As with type I, the type II system consists of endonuclease and methyltransferase enzymes but they work independently rather than in a complex as seen in type I. The endonuclease gene is 157-576 amino acids in length and the methyltransferase is 228-587 amino acids long. Endonuclease works as a heterodimer and cleaves both DNA strands simultaneously whereas methyltransferase works as a monomer. The recognition sequence for EcoR1 is a palindrome, which is economical, as one protein will react with both strands in any orientation. The cleavage site is located within the sequence (figure 3) so can be visualised by gel electrophoresis. When cleaved, the DNA is left with sticky 5' overhangs. (Wilson & Murray,. 1991)

Efficiency of plating

EOP is a method used to test the susceptibility of an organism to viral infections by measuring plaque formations. Using a non-restricting organism, the EOP would be one, but for organisms carrying restriction genes the EOP is usually 10-3 - 10-5. (Wilson & Murray, 1991)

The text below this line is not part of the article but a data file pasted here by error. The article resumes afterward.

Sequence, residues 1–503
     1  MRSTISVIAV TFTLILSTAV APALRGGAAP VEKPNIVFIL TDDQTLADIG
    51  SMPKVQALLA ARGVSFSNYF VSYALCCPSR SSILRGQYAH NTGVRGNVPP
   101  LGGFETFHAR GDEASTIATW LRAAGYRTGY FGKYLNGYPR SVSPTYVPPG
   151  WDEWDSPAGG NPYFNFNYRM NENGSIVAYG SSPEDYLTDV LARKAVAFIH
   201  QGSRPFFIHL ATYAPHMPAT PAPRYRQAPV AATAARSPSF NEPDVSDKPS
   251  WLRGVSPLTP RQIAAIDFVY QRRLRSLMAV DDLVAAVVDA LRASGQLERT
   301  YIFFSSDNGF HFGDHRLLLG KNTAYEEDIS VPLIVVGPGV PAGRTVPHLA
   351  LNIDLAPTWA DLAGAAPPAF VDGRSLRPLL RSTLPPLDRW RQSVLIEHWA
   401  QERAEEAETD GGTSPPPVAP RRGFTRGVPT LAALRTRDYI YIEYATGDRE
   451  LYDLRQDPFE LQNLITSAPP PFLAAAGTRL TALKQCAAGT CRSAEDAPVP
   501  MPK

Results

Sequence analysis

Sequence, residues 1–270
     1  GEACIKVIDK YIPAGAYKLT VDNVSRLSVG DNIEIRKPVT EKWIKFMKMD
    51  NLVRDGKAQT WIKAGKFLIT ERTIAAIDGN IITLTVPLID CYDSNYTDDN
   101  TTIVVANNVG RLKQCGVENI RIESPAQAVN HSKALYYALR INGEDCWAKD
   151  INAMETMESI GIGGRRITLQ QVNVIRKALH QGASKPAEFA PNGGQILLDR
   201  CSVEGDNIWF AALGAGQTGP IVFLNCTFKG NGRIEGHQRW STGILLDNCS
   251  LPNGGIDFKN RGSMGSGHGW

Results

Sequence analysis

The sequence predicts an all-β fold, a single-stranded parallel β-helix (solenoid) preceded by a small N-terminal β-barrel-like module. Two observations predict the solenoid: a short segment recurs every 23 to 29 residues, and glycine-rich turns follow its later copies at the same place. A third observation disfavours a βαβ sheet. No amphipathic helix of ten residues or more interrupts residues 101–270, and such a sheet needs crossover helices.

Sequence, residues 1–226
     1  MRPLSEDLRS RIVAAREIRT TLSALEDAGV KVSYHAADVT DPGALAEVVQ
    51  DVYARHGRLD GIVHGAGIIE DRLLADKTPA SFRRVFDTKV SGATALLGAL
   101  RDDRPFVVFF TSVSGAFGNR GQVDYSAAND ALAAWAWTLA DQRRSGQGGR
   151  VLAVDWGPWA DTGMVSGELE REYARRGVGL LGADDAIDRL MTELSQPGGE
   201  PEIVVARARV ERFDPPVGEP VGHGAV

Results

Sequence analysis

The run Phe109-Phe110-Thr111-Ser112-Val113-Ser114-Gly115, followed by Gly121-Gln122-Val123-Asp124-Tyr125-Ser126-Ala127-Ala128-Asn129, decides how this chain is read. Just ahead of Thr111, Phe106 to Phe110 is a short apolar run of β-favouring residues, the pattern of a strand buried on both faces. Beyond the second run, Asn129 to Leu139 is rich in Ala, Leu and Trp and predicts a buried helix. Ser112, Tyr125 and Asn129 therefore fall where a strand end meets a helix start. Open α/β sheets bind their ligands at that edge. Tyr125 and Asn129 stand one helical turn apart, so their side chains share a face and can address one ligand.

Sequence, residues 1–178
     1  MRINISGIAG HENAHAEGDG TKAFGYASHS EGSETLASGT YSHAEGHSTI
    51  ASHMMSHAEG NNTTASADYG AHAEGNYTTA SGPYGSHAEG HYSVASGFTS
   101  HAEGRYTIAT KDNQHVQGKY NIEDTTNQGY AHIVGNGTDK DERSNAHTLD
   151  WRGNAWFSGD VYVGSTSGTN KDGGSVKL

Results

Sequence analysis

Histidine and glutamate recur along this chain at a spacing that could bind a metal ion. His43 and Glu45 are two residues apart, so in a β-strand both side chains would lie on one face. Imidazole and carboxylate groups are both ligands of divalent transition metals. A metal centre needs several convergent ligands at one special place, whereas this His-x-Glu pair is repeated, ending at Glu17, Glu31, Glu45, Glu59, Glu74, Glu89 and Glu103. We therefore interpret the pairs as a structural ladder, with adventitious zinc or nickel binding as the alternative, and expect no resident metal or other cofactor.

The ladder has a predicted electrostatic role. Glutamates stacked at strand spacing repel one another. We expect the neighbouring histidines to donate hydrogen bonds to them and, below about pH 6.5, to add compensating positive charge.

Results (For raw data and calculations, please see appendix1.)

Cycle one

Cycle 1 consisted of λ.K. plated on both E.coli K-12 and E.coli K-12 NTP14.

More plaques would be expected to grow on E.coli K-12 than on E.coli K-12 NTP14. It was assumed the EOP would be 1 for E.coli K-12 and expected to be somewhere in the region of 10-3 - 10-5 on E.coli K-12 NTP14 (Wilson & Murray, 1991).

Results obtained from this study show that the plaque forming units per ml for E.coli K-12 and E.coli K-12 NTP14 were 6.95x107 pfu/ml and 2.4x104 pfu/ml respectively.

The results from plates 1, 2 and 8 were used as others had to little or too much growth to count; the accepted levels were between 30-300 plaques.

The EOP of λ.K on E.coli K-12 NT14 was calculated to be 3.45 x 10-4. This is within the expected guide as stated by Wilson and Murray (1991).